Sarah Turner is the new president of the North Bennet Street School in Boston, following the retirement of Miguel Gómez-Ibáñez on Dec. 1.
Turner brings more than 20 years of experience in contemporary craft and design as an educational leader, instructor and artist at several institutions including Cranbrook Academy of Art, Rhode Island School of Design, Oregon College of Art and Craft, and the State University of New York at New Paltz.
“My heart lies in leadership work; helping studio-craft institutions draw together the contributions of all members to make something unique, useful, and forward-looking,” Turner said in a statement. “The strong sense of this, past and present, at North Bennet Street School drew me to the position. I am excited to get started on bringing about new connections and ideas.”
Turner said she will spearhead expansion of the school’s public programs and community partnerships within the craft-education world, while continuing the school’s 137-year legacy of training students for careers in traditional trades and fine crafts.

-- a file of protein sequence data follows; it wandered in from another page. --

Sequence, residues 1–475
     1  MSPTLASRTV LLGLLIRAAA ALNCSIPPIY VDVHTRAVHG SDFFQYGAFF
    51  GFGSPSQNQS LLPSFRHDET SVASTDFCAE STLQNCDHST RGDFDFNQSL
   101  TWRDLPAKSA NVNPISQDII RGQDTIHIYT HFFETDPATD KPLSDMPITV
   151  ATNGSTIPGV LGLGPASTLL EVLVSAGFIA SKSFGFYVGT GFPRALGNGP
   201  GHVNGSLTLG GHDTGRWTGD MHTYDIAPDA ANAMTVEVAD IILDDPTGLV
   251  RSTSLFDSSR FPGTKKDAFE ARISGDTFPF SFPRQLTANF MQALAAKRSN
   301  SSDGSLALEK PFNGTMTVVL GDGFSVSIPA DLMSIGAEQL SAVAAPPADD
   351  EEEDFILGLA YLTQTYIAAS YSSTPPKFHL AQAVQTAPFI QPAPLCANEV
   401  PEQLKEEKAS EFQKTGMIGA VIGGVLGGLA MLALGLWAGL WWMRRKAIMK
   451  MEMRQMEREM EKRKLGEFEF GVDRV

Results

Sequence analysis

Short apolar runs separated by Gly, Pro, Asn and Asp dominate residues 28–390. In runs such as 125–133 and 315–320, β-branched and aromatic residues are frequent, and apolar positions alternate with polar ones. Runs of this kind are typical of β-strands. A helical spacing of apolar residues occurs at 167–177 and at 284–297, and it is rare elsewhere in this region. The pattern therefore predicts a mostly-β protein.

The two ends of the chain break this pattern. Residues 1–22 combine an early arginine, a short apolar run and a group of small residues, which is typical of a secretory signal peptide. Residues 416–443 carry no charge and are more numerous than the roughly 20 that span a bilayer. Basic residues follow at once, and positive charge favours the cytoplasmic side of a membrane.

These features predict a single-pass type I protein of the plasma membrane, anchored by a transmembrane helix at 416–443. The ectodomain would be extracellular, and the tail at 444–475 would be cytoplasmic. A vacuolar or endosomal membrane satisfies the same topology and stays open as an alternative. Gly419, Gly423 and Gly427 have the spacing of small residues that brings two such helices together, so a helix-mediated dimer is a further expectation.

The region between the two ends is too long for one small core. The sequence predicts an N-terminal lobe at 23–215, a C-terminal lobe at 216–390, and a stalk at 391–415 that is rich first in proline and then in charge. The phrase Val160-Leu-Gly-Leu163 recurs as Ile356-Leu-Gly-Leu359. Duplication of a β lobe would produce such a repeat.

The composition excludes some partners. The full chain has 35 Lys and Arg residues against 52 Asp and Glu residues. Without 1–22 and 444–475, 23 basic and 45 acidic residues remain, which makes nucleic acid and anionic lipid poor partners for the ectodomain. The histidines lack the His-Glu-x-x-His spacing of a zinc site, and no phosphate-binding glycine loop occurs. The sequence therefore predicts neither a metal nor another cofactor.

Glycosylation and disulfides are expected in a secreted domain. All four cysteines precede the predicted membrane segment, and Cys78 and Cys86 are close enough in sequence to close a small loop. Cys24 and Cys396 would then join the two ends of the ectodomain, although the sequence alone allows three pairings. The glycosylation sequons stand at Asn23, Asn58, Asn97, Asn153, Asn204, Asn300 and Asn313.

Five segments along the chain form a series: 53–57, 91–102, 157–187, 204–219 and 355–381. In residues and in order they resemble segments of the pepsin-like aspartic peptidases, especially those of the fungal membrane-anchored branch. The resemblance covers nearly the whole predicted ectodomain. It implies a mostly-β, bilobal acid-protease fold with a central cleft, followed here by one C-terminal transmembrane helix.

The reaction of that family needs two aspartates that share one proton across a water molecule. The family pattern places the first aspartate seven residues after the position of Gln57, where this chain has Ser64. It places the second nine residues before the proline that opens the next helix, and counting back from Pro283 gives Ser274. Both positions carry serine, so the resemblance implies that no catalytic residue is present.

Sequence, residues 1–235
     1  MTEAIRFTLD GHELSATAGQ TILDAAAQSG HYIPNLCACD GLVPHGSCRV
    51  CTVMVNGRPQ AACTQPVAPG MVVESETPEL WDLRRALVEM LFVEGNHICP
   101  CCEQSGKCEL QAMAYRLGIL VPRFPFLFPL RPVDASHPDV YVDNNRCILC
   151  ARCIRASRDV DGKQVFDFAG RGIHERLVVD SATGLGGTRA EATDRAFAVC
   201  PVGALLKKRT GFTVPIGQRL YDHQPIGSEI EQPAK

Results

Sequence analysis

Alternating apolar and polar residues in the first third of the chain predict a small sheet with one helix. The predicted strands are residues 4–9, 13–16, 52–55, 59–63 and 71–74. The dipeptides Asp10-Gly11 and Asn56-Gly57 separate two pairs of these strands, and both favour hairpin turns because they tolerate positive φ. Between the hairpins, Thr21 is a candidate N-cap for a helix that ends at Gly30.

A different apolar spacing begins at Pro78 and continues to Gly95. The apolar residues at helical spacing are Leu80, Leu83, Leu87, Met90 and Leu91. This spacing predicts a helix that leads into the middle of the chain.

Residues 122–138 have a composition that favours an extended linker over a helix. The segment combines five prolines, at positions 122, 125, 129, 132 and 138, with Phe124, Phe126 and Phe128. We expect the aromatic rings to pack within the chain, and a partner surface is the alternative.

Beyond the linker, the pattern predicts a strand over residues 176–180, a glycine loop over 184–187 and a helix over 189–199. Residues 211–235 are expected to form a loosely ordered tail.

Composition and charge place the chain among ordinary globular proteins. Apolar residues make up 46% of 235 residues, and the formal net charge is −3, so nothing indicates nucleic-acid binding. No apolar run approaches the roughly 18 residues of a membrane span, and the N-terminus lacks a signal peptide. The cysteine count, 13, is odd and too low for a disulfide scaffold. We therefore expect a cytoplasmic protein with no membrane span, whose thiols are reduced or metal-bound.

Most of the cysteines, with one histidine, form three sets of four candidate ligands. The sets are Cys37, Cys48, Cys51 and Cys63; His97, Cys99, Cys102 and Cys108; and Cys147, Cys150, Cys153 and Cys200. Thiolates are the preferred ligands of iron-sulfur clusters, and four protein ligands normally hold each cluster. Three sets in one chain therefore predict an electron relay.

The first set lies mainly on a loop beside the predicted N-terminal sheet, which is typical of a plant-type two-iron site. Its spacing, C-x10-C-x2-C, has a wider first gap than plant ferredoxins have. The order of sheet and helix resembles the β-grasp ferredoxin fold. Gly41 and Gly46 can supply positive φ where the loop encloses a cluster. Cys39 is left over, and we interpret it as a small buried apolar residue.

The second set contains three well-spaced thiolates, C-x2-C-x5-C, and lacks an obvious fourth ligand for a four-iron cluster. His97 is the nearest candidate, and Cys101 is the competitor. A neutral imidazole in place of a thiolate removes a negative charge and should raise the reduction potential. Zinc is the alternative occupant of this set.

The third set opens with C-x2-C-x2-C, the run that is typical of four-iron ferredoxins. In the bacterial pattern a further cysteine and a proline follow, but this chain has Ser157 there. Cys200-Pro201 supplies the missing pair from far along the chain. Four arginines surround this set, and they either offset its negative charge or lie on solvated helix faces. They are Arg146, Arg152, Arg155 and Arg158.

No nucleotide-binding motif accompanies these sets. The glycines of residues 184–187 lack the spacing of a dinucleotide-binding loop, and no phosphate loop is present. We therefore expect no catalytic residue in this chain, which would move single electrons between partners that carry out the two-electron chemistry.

North Bennet offers nine full-time programs in Bookbinding, Carpentry, Cabinet & Furniture Making, Jewelry Making & Repair, Locksmithing & Security Technology, Piano Technology, Preservation Carpentry, and Violin Making & Repair.
Gómez-Ibáñez, a graduate of North Bennet, was president for 12 years and led the renovation of the school’s 64,000-sq.-ft. facility.
“The new building is our most visible accomplishment, but our commitment to preserving the traditional hand skills of cabinet and furniture making remains. Looking forward, I think we will be able to build on our professional training programs and use this new facility to reach an even wider audience, including amateur woodworkers as well as middle school and high school students. Online courses are another avenue that we will explore in the coming year,” Gómez-Ibáñez said in an interview with Woodshop News.
Contact: North Bennet Street School, 150 North St., Boston, MA 02109. Tel: 617-227-0155. www.nbss.edu.
This article originally appeared in the January 2019 issue.